It’s usually okay to mouth words when you read.  If you’re in public, most other people around you are wearing earbuds or are lost in their own thoughts to notice.  But if you’re reading this essay, you’re probably in a restaurant surrounded by folks who are eating.  And if you are reading aloud while you’re eating in public, then you’re probably being pretty gross and you’re not even aware of it.

Most people don’t want to be gross.  We groom ourselves, check our appearances when we get the chance, and try to make good impressions.  But a lot of people who care about how they look chew with their mouths open, and that’s gross.

I would write a vivid description to provide a mental image of how chewing with your mouth open is gross, but since you’re eating while you’re reading this, I won’t do that.  I try to think of my audience, which is more than people who chew with their mouths open do.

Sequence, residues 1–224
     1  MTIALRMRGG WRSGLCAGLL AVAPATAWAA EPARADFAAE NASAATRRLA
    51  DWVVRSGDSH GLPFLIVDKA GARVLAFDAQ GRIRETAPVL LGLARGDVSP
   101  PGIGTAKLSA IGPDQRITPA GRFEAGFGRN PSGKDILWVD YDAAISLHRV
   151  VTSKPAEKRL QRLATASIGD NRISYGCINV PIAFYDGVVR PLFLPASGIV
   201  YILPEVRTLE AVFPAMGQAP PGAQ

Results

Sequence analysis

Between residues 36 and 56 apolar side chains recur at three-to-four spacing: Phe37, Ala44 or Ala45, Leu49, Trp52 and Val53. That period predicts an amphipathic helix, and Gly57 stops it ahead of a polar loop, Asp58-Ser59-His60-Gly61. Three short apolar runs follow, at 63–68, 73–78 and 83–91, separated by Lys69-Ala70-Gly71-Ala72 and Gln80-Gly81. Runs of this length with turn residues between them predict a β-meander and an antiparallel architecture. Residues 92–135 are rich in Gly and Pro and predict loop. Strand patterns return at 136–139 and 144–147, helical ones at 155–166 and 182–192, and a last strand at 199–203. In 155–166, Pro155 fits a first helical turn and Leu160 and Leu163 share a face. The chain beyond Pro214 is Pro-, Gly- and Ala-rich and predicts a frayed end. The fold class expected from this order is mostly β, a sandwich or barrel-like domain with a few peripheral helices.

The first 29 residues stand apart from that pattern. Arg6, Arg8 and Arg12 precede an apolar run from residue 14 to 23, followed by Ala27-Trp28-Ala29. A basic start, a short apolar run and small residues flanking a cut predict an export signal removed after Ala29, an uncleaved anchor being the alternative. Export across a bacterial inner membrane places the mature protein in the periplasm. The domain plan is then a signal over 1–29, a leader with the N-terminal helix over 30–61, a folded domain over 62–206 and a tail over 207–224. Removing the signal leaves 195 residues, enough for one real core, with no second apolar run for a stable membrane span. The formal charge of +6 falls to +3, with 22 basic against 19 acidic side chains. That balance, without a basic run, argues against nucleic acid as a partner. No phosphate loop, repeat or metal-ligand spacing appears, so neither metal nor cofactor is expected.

I guess people aren’t taught anymore how to chew with their mouths closed.  Maybe it’s like cursive not being taught in schools.  Maybe chewing with your mouth closed is thought of as obsolete, since people stare so much at their phones.  Still, not everybody stares at their phones when they eat.  I don’t stare at my phone when I eat, so I’m an expert.  If you’re chewing with your mouth open, you’re being gross.

The good news is that this is an easy fix.  If you’re not sure how to NOT gross people out while you eat, here’s what you do.

  1. After you place food in your mouth, shut your lips. If your cheeks puff out with food, put a smaller portion in next time.
  2. Once your lips are closed, move your teeth. Concentrate on keeping your lips shut tight while you chew.